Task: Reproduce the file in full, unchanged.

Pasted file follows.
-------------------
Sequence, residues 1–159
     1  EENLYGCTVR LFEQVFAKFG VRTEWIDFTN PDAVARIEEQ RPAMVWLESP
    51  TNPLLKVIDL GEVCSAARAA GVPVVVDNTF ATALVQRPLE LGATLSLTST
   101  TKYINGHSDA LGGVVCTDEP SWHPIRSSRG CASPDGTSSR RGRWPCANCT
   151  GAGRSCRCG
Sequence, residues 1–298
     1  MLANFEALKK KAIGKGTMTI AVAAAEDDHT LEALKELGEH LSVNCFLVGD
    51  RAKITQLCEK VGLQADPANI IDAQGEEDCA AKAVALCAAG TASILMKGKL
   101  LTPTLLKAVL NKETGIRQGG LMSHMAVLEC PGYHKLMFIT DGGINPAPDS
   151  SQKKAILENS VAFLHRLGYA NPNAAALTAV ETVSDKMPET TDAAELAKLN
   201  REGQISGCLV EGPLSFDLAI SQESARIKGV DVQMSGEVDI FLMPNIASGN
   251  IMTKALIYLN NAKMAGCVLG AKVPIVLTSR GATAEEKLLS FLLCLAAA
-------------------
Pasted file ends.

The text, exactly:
Sequence, residues 1–159
     1  EENLYGCTVR LFEQVFAKFG VRTEWIDFTN PDAVARIEEQ RPAMVWLESP
    51  TNPLLKVIDL GEVCSAARAA GVPVVVDNTF ATALVQRPLE LGATLSLTST
   101  TKYINGHSDA LGGVVCTDEP SWHPIRSSRG CASPDGTSSR RGRWPCANCT
   151  GAGRSCRCG
Sequence, residues 1–298
     1  MLANFEALKK KAIGKGTMTI AVAAAEDDHT LEALKELGEH LSVNCFLVGD
    51  RAKITQLCEK VGLQADPANI IDAQGEEDCA AKAVALCAAG TASILMKGKL
   101  LTPTLLKAVL NKETGIRQGG LMSHMAVLEC PGYHKLMFIT DGGINPAPDS
   151  SQKKAILENS VAFLHRLGYA NPNAAALTAV ETVSDKMPET TDAAELAKLN
   201  REGQISGCLV EGPLSFDLAI SQESARIKGV DVQMSGEVDI FLMPNIASGN
   251  IMTKALIYLN NAKMAGCVLG AKVPIVLTSR GATAEEKLLS FLLCLAAA